Tuesday, September 19, 2006

Data security for discarded disk drives

I'm thinning my computer hardware herd a bit lately and the issue of data security on discarded disk drives has been of some concern. There's a bunch of very old low capacity IDE drives(less than 500M) in a pile that aren't much good for anything anymore. For serious computing I use SCSI and for less serious I'll use IDE, but these tiny old IDE's were just taking up space and I can't even give'em away to the kids in the neighborhood. I'm also lothe to spend the effort to power them up to see what's on them anymore. If I did find something sensitive on one, I'd have to go through the bother of doing a secure erase on the thing anyway. I've written my own secure erase utility(commercial ones cost $20 at CompUSA), similar in concept to what we used back in the early 80's for scrubbing the space shuttle's computers after the military missions.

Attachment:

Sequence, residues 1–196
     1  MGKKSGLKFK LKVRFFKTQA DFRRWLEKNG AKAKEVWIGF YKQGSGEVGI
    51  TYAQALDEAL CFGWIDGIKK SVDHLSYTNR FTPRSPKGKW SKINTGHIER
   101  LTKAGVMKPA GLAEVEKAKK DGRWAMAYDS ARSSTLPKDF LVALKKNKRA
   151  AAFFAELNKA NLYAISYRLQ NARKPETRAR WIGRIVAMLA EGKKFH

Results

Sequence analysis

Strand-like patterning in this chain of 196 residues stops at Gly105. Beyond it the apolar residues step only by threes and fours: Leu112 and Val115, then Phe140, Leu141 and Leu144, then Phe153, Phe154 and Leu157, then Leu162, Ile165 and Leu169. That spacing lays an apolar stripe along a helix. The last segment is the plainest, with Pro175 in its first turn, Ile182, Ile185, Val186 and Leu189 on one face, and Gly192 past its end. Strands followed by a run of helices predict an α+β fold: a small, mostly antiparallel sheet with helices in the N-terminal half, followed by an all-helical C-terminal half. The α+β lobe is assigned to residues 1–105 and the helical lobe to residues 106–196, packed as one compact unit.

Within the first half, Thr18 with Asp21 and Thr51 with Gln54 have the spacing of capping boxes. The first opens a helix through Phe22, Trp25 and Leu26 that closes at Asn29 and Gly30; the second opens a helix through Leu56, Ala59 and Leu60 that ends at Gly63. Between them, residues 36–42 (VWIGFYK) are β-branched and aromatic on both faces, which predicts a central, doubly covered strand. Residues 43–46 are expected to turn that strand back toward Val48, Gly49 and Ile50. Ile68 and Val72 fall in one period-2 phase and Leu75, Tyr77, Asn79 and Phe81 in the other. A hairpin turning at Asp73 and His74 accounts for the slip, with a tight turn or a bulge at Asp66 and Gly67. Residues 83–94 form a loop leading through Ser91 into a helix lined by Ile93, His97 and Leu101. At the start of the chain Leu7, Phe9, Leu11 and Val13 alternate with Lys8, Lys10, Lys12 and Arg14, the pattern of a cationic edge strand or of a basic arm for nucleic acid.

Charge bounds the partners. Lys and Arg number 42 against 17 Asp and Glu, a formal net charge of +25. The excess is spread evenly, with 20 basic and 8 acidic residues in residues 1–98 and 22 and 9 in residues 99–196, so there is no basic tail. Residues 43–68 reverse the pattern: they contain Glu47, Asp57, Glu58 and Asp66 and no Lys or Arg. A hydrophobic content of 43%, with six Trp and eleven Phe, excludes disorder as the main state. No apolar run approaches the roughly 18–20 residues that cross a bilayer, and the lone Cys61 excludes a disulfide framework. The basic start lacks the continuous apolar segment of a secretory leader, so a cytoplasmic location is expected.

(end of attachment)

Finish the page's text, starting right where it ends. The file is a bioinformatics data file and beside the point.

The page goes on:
Still, this is all a great hassle for something you plan on throwing away. After a bit of thought, a fast definitive solution presented itself in the form of my drill press. I chucked up a sharp 1/4" drill bit and punched a series of holes through the platters, motor drive, head actuating mechanism and onboard controller board. I doubt even the NSA or CIA could retreive anything off this sucker now.

Of course if the neighbors weren't a bunch of whiners I could have taken them out in the yard and dumped half a clip from my AK-47 into each one. Damn neighbors. Always spoiling the fun.

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